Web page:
The report of the Chief Planning Officer seeks Members views on the Adoption Draft Transport Supplementary Planning Document (SPD); prior to the Chief Planning Officer carrying out a period of consultation on it. The Transport SPD replaces four existing transport related SPD’s (the Street Design Guide, Travel Plans, Parking and Public Transport and Developer Contributions). These will be revoked once the Transport SPD is adopted.
(Report and Appendices attached)
The report of the Chief Planning Officer seeks Members views on the Adoption Draft Transport Supplementary Planning Document (SPD), prior to the Chief Planning Officer carrying out a period of consultation. The Transport SPD replaces four existing transport related SPD’s: the Street Design Guide, Travel Plans, Parking and Public Transport and Developer Contributions. It was noted that these will be revoked once the Transport SPD is adopted.
Appended to the report included the Consultation Report at Appendix 1 and the Transport SPD at Appendix 2.
The report and Statement of Consultation focusses on comments received, rather than re-visiting the entire document.
The Transport Development Services Manager introduced the report and explained that a workshop was held in November 2021 to look at the contents of the Transport SPD. it was highlighted that the SPD does not address all matters coming up in the Local Plan Update (LPU), but it does streamline existing SPDs and include cumulative impact policy.
The Panel discussed the following key matters:
· Reviewing cumulative impact contributions – the process was set out in terms of identifying hotspot junctions and basing the levy on the number of trips made through congested junctions. There are pre-identified locations and sites and forthcoming windfall sites, will use the same methodology. If there are a number of sites impacted by 1 junction, the levy will be broken down on the amount of additional planned trips going through that junction by proportioning trips per site. It was also confirmed that the assessment on identifying junctions is reviewed every plan period.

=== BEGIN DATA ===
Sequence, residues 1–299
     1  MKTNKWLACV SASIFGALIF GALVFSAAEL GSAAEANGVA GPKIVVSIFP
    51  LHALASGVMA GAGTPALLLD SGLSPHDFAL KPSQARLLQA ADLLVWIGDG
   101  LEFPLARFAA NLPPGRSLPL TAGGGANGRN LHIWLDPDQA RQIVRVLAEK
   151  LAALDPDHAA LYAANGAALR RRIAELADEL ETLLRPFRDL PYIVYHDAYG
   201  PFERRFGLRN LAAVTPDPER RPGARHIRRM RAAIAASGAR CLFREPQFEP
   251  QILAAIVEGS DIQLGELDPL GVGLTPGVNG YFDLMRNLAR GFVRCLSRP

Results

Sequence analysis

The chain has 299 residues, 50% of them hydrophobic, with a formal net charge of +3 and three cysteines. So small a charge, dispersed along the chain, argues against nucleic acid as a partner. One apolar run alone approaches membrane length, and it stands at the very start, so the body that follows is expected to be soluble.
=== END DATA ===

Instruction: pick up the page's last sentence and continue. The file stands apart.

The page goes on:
· The use of Section 106 monies and the involvement of members in the considerations of what monies are being spent on – officers confirmed expenditure is prescriptive and related to a development. There is an opportunity to engage during the consultation part of planning applications. It was confirmed that an additional vacancy has been secured to help the service with Section 106 monies.
· Secure bike storage and exploring e-bike/cargo schemes – planning colleagues are working on identifying a model and will look at introducing this at a later date.
· It was confirmed that the minimum size for a garage door is 2.6 metres, which is wider than a standard car parking bay.
· Introducing financial burdens should developers be unable to provide full car parking within the city centre, specifically to fund and improve the public transport network – SPDs can only expand on policy that already exists and cannot put an extra financial burden on developers but there is an opportunity to re-visit when progressing LPU policies in relation to place-making and 20-minute neighbourhoods.
· Members discussed design exemplars and the importance of including mechanisms on how to mitigate on-street car parking in the document. It was noted that there is a government consultation on managing pavement parking.
· Concerns were raised that the language used in the document will not be clear to developers in relation to type 1 connector streets. It was suggested that the language used should be strengthened, or an illustration setting out what is expected of developers should be included in the document.
· Members raised a particular concern in relation to pedestrian safety in terms of proposed planting and suggested that clarity should be provided on maximum height for hedges, to mitigate attacks.
· Members shared a general consensus that moving away from cars is a priority for Leeds, but acknowledged that public transport must become viable and a reasonable alternative
· Clarity on the inclusion of a policy for E-scooters and the need to prepare some information to inform the public on upcoming consultation relating to E-scooters.
· Concern that the number of respondents to the consultation is low and may not be a true reflection of the demographic in Leeds. It was suggested that an awareness raising document to pull through main points would be helpful for members of the public to understand key points of the consultation.
Further to the comments as outlined above, Panel Members broadly supported the contents of the Transport SPD, and therefore
a) To note the contents of the report and comments made during discussions.
b) To recommend that the Chief Planning Officer commences consultation on the Adoption Draft SPD for a period of 4 weeks between 3rd March and 31st March 2022.
c) To recommend to the Chief Planning Officer that, in consultation with the Executive Member, and subject to the outcome of the consultations he adopts the SPD under his delegated powers.